Philadelphia Union: The Union brought in arguably the biggest player in franchise history this offseason in Marco Fabian, but traded away both Keegan Rosenberry and CJ Sapong. But still, they have a roster full of young prospects that could help build a strong foundations for years to come, it’s just a matter of those things coming together. They’re changing things up when it comes to the way they play, which could lead to some early struggles, but long-term success.

The “It Could Go Either Way” Group

Toronto FC: The Reds looked flat out terrible in both legs of their Concacaf Champions League match up, and it’s tough to overlook how bad they were defensively. The big name out this offseason was Sebastian Giovinco, who might just be the best Designated Player in league history. His shoes will be tough to fill, and Toronto is hoping that Jozy Altidore can come back to be the productive goal-scorer he was a couple of years ago, in addition to a couple more yet-to-be added pieces. Toronto has the money to spend, but can they use it properly to fix the many issues they have defensively? I don’t know, but it could be another long season in the Six.

Montreal Impact: Ignacio Piatti is one of the most impact players in the league, yet the problem is he plays for Montreal and most people don’t get to see him all too often. Lucky for Montreal though, they have him for at least one more season, and with the addition of Maxi Urruti this offseason they have a decent shot at the playoffs in 2019. They’re bringing back a bulk of the roster that led them to a strong finish down the stretch last season, and even added some midfield and defensive help this offseason. I like Montreal on paper, but can they put it all together again in a new campaign?

Chicago Fire: The Fire could be a really good team and even a fun team to watch this season… they could also be in for another tough season. It you look in the attacking half of the field, how can you not like what the Fire have on the roster? Bastian Schweinsteiger and Dax McCarty sitting behind Aleksandar Katai, Djordje Mihailovic, Przemyslaw Frankowski and Nemanja Nikolic, the Fire might score a very high amount of goals this season. On the flip side of that, however, they were not very good defensively last season and it could very easily be that way again in 2019. Not matter how many goals they’re capable of scoring, it does no good if they’re letting in just as many, if not more.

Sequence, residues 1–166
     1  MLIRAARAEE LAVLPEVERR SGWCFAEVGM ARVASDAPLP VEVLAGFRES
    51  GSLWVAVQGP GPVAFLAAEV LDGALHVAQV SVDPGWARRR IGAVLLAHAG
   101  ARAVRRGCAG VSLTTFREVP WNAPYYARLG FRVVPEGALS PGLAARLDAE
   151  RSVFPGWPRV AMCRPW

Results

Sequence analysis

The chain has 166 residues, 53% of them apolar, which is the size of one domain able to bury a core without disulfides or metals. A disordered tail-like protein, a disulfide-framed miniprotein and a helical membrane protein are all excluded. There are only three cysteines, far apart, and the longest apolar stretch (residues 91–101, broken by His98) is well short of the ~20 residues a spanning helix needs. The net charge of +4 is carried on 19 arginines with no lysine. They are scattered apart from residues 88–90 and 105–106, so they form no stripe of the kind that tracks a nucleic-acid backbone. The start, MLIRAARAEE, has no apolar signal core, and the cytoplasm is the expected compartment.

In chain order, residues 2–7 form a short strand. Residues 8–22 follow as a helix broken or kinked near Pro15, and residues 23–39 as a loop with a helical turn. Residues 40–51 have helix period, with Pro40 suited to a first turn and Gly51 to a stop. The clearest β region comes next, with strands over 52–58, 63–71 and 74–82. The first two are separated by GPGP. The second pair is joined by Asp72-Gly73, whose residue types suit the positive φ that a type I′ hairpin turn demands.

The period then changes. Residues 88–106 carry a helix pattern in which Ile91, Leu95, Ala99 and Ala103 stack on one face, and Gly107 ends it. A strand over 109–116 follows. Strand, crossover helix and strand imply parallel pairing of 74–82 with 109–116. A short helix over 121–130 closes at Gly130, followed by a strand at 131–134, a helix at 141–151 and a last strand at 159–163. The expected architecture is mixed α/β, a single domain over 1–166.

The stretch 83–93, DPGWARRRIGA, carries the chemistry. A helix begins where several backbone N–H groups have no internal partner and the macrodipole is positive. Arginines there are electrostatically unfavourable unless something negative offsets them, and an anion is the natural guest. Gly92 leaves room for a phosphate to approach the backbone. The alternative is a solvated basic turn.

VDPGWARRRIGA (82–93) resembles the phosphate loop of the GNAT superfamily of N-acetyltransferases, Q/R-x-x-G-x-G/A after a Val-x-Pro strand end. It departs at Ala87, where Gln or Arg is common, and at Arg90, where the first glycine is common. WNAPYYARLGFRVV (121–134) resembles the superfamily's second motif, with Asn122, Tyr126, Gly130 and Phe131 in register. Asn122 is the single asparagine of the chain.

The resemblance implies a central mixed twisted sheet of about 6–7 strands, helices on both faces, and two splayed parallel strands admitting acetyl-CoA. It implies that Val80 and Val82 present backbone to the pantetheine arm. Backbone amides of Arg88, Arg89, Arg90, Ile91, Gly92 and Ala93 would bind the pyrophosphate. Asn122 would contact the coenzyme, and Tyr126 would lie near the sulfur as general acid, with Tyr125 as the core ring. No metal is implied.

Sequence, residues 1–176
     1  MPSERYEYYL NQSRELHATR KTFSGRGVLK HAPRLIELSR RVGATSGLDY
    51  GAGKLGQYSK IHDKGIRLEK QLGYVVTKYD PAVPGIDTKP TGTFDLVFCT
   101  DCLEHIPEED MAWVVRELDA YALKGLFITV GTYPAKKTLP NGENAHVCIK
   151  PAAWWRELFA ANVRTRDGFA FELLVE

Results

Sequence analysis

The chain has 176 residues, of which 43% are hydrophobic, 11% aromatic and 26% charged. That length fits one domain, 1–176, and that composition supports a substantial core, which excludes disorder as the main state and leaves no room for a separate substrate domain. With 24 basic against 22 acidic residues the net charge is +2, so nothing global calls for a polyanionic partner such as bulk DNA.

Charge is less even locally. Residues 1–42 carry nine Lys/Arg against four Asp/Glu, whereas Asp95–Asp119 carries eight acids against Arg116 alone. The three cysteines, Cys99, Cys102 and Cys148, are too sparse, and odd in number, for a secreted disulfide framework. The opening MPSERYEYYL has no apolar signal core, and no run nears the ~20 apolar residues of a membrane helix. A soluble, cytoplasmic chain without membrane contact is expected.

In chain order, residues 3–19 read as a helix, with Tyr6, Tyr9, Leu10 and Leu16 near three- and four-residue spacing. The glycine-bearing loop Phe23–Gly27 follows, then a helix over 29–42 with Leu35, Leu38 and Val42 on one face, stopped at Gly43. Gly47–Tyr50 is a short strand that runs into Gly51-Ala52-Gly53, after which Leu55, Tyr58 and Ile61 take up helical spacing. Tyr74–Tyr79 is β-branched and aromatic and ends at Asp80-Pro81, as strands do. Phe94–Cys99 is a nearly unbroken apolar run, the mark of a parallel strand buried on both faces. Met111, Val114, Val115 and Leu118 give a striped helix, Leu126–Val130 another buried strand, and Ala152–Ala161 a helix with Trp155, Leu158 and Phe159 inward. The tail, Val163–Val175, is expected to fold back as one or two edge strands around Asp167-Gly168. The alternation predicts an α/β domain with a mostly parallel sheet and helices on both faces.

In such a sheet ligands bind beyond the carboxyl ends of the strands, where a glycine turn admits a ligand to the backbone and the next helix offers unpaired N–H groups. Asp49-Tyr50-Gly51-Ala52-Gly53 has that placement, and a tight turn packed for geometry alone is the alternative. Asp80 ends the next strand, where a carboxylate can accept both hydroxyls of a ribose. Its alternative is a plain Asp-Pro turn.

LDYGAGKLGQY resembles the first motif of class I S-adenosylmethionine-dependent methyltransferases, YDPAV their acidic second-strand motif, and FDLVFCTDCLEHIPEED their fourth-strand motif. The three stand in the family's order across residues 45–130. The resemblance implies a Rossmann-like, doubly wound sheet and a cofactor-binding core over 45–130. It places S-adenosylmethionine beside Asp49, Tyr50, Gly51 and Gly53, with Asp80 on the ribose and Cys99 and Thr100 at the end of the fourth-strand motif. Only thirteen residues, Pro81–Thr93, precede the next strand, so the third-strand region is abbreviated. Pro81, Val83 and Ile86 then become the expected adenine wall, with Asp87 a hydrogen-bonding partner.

Orlando City: This is also where I would put the Lions entering the campaign. Nani is a great addition, but there are still way too many questions being asked about the back line, we don’t know if Sacha Kljestan is going to be able to return to the player he was in New York, what kind of player Nani is going to be, etc. I think if enough goes right, the Lions can contend for a playoff spot, but too many things have to go right for me to be holding my breath on their playoff chances, at least right now.

The Hold On To Your Butts Group

New England Revolution: It might just be a very long season for the folks up in New England. They have a lot of trouble defending for much of last season, a problem that the preseason hasn’t show any signs of it being fixed. They brought in Carles Gil, who they’re hoping can be a playmaker in the midfield, but I don’t know that it’s going to be enough for them to accomplish what they set out to do in 2019.

FC Cincinnati: Atlanta and LAFC have changed the expected trajectory of expansion teams over the last couple of season, but I have a feeling we’re going to be see a lot more Minnesota United-esque and a lot less Atlanta-like when it comes from Cincy this season. They brought over a lot of USL players from their 2018 squad and mixed in a handful of strong MLS veterans such as Greg Garza, Fanendo Adi, and Kendall Waston. I feel bad, because the support out of the gate is probably going to be fantastic in Cincy, while the performances on the field might not be.